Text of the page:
America Has Always Bred Obsession: Why Our Addiction To Social Media Isn't Shocking At All

by Dan Scotti

Young people’s obsession with social media should come as no surprise, and their “addiction” to it? Well, that’s even less shocking. At least for me it is, but then again, maybe I’m just another ignorant member of Generation-Y. Americans are addicts by their nature.

Hey man, if you want to call me another “social media-addicted” member of the Millennial generation, go for it, but I blame Mark Zuckerberg. I point the finger at Evan Williams, Noah Glass, Jack Dorsey, Biz Stone, Kevin Systrom and Mike Kreiger too, for that matter -- among others -- for all creating platforms that were designed to be tools for “world connectivity.”

These same tools have since been distorted and abused for reasons entirely different. Attention, insecurity and the constant search for reinforcement through public approval (also known as “likes”), are the driving forces behind this distortion -- and these things certainly aren’t specific to one generation.

It’s just that Millennials in America were given the luxury of growing up in an environment with social media at the ready for them, to project these issues and to compensate for them, through different platforms of social media.

I take a look back to the perfect, flawless and, more or less, invulnerable generation of my grandparents. The Greatest Generation. The generation held so high on the pedestal of the public eye that we barely even take the time to reflect on some of their less-than-great aspects. I get it, our grandparents may be cute, sitting around knitting and watching baseball games, but they certainly were not perfect.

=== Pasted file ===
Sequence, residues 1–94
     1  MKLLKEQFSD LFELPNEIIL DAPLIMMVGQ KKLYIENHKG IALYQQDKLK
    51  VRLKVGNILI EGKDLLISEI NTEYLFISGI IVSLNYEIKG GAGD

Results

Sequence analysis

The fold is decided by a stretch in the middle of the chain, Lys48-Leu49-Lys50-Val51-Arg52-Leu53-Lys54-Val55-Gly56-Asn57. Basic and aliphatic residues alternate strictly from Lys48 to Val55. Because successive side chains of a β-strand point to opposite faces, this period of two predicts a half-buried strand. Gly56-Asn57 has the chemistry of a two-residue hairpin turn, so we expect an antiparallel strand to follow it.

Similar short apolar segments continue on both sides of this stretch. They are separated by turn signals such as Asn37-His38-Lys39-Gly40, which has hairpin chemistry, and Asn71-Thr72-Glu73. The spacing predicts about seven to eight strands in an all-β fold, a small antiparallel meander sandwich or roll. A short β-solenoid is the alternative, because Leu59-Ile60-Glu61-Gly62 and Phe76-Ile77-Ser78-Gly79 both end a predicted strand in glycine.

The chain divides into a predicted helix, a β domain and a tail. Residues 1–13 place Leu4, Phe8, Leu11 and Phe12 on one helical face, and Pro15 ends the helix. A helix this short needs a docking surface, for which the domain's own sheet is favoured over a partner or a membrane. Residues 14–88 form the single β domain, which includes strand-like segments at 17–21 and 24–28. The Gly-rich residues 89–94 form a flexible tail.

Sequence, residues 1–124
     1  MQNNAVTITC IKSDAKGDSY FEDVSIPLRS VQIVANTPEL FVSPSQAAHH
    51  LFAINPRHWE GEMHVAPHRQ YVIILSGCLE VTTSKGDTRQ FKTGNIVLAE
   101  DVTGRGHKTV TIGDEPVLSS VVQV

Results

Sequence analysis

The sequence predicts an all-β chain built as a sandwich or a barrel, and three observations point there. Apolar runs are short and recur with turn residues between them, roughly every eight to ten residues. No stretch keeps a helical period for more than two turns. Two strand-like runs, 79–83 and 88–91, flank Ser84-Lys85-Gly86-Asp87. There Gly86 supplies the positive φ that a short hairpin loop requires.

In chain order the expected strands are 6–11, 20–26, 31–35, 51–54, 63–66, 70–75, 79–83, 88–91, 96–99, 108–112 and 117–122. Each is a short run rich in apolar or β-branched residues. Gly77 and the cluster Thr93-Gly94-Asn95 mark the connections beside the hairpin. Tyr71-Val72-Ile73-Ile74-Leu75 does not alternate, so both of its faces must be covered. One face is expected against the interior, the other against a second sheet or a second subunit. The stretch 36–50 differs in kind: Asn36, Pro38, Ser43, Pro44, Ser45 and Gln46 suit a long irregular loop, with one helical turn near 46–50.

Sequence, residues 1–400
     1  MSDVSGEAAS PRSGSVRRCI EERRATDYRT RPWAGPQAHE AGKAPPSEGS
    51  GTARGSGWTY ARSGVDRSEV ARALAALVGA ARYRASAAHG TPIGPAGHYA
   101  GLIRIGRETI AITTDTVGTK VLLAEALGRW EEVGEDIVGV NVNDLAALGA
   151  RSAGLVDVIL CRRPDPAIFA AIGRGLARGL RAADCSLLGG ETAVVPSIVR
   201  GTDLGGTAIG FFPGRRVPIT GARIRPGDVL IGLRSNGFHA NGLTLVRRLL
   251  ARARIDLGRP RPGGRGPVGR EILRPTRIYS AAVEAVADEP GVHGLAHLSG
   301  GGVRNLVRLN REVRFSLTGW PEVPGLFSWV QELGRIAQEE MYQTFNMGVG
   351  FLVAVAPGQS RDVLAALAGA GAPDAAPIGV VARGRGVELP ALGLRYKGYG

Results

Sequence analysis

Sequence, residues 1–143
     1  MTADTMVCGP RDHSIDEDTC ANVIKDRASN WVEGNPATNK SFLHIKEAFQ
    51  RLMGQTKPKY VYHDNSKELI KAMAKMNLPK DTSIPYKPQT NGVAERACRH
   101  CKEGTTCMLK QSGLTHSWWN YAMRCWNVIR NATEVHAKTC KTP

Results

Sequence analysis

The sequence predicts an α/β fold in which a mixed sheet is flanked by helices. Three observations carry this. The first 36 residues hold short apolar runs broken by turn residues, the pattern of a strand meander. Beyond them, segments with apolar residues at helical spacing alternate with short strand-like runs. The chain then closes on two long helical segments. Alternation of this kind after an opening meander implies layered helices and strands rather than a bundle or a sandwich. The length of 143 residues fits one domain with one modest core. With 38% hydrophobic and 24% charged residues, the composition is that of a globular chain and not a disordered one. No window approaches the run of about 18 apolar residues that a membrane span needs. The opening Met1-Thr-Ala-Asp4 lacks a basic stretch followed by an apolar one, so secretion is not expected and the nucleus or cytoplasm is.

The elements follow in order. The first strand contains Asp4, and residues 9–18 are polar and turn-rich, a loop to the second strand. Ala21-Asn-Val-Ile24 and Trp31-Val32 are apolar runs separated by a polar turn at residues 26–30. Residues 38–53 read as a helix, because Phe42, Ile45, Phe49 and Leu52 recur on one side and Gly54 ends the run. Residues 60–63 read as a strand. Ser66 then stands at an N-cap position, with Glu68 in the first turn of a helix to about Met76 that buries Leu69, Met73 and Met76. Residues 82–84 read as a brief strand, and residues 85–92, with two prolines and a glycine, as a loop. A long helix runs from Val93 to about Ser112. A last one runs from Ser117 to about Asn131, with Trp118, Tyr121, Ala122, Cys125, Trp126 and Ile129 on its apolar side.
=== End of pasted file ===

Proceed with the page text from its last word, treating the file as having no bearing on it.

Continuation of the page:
As much as you may want to thrust the hostility of your midlife crisis in the direction of younger people, I promise you, all 93-year-olds aren’t jumping out of airplanes in commemoration of D-Day, although you may like to hold them to that standard.

Remember Prohibition? Yeah, that happened. Forget Millennials abusing social media “too much” -- our grandparents, and their parents before them, had alcohol banned from them -- because they drank “a little too much.” That’s abuse. See, alcohol and social media are both great concepts... in moderation.

A glass of wine with dinner is far different from tossing back tequila shots until you pass out, after a stressful day at work. In the same light, a person who uses Facebook to contact relatives in Honduras is far different from someone whose life revolves around Facebook notifications.

It’s not social media or alcohol, by themselves, which present the problem, it’s a lack of self-control. This lack of self-control quickly turns things of interest into things of obsession.

So what now? Bashing “Millennials” for being addicted to social media isn’t cutting off the head of the snake. I spent five months in Florence, Italy, while studying abroad and personally lived through the differences in lifestyle. It appeared that “17 - 28-year-olds” in Italy, and seemingly all of Europe, just aren’t attached to social media in the way that we, American Millennials, are.

Sure, if they see something cool, they may tweet it. Having said that, you can rest assured knowing they aren’t Instagramming their salads with a fraction of the frequency of American Millennials. In the same light, in Europe, where the drinking age is as low as 16 in some places -- binge drinking isn’t as much of a danger as it is here, especially among young adults in the college setting.

Social media, among American Millennials, isn’t the issue, at all. It is, however, part of a bigger issue that Americans -- regardless of age -- have faced over the course of the past century: extremism. Extremism surely isn’t age-specific, and it surely isn’t just displayed every time their phone vibrates from a Facebook notification.

There’s an old saying, “You shouldn't cast stones if you live in a glass house.” Next time you look to generalize an entire generation by its collective cell phone bill, remember this: America is one big glass house that we’re all living in together.

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